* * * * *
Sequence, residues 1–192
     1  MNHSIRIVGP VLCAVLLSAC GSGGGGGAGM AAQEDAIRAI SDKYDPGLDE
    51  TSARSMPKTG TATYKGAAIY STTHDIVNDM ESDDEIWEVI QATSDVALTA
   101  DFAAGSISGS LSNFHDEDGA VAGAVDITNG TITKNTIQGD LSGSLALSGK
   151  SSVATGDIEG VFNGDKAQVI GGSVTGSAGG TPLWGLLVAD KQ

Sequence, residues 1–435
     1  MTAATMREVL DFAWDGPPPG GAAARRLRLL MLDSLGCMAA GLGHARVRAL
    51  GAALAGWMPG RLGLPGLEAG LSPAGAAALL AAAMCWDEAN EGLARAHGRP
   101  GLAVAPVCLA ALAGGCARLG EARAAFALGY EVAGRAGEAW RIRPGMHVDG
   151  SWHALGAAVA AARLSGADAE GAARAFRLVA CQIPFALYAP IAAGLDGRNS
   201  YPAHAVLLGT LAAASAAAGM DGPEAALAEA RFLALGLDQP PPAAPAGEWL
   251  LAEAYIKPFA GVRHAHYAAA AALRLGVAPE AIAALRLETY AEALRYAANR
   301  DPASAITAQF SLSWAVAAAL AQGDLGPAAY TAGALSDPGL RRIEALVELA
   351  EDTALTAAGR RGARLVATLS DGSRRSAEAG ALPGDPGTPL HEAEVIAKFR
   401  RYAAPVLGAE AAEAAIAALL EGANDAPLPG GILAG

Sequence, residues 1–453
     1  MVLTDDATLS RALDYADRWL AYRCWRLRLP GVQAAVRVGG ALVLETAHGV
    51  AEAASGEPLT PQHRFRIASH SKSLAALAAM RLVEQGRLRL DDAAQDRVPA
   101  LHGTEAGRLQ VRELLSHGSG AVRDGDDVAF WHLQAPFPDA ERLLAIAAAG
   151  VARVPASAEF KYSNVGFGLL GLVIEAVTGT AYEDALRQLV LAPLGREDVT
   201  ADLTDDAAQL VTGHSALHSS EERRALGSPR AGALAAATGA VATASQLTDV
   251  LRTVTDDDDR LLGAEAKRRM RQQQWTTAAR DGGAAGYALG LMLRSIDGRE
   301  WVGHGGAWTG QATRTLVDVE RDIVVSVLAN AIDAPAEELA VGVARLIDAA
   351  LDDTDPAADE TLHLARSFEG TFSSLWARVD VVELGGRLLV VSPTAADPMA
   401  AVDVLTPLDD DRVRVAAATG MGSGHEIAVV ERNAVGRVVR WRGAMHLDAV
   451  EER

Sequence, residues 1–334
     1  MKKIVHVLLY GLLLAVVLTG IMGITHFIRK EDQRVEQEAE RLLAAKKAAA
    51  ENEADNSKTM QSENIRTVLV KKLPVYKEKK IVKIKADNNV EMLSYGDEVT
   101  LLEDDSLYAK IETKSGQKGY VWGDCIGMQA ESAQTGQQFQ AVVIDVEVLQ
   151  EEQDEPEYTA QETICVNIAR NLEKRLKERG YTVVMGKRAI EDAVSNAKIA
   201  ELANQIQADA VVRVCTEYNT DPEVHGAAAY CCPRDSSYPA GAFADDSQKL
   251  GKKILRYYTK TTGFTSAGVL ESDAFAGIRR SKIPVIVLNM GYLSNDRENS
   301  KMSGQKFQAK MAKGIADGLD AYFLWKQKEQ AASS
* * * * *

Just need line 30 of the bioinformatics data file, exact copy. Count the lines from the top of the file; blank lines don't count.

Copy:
   101  LLEDDSLYAK IETKSGQKGY VWGDCIGMQA ESAQTGQQFQ AVVIDVEVLQ